... the SBS Board reinterpreted the concept of natural program breaks and approved the inclusion of in‑programming advertising across the SBS schedule. SBS managing director at the time, Shaun Brown, defended this broader interpretation of natural program breaks using a similar argument to that which Brian Johns had used—the SBS Charter requires the broadcaster to produce Australian content, and funding needed to be found to meet this charter obligation.[8]

The introduction of in-program advertising, particularly in news services, drew considerable criticism from SBS audiences. SBS historian Ien Ang comments:

This was seen as the worst example of commercialisation, tainting the news and its special role within public service broadcasting. By introducing a commercial element into the news, public trust and public interest were seen as threatened. Critics argued that the news was now vulnerable to ratings pressures and its editorial independence was in danger.[9]

Almost 30 per cent of SBS funding averaged over recent years now comes from advertising.[10] It has been claimed elsewhere that this situation is the result of the failure of both Labor and Coalition Governments to fund Australia’s public broadcasters adequately.[11] Regardless of the reason, however, it appears as Brian Johns, Shaun Brown and others, such as SBS board member, Melbourne multiculturalist Hass Dellal have stated, that advertising has become fundamental for SBS survival.[12] Given the outcomes of the 2014–15 Budget, which imposed a one per cent efficiency levy on the ABC and SBS, and the reports of the National Commission of Audit and the Lewis Inquiry into the efficiency of the ABC and SBS, which have expressed the view that both public broadcasters could, and should, rely less on government support, this situation is unlikely to change in the near future.[13]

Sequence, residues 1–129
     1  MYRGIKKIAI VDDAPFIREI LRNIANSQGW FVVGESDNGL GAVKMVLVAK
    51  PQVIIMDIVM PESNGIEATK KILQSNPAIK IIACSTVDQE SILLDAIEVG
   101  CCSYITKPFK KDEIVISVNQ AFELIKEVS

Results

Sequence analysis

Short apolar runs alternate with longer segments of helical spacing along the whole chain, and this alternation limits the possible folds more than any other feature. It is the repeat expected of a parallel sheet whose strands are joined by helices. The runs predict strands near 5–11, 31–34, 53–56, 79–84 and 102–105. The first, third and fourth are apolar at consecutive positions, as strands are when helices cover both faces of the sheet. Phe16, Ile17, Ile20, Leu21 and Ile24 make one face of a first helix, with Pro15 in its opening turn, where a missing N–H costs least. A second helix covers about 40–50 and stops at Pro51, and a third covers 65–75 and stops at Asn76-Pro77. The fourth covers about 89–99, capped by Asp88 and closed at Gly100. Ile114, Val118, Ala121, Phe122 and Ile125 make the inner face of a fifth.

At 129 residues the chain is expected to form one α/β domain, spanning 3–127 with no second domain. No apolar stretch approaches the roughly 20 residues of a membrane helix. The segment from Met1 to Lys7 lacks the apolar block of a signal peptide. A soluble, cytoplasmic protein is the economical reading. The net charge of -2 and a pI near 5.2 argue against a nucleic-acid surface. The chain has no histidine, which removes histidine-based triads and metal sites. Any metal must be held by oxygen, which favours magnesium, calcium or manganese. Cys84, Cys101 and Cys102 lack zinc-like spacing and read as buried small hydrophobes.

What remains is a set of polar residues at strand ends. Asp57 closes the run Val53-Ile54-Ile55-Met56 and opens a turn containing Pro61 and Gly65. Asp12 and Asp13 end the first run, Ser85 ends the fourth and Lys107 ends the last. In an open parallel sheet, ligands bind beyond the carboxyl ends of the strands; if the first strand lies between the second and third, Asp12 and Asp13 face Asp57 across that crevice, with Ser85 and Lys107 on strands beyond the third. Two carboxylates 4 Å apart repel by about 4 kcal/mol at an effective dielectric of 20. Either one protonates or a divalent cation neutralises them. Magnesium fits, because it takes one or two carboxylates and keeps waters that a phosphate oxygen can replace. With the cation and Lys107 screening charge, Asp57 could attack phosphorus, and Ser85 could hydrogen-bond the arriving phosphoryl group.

Indeed, the Lewis Report specifically suggested that there was scope for SBS to increase its revenue under a more flexible advertising regime as proposed in this Bill. Lewis presented a number options, such as increasing advertising time during sporting events, introducing branded content and sponsorship in particular program genres as well as increasing advertising during peak viewing times.[14]

Committee consideration

Senate Environment and Communications Legislation Committee

The Bill has been referred to the Senate Environment and Communications Legislation Committee for inquiry and report by 8 May 2015. Details of the inquiry are at the inquiry webpage.[15]

Parliamentary Joint Committee on Human Rights

At the time of writing, this Bill had not been considered by the Parliamentary Joint Committee on Human Rights.

Policy position of non-government parties/independents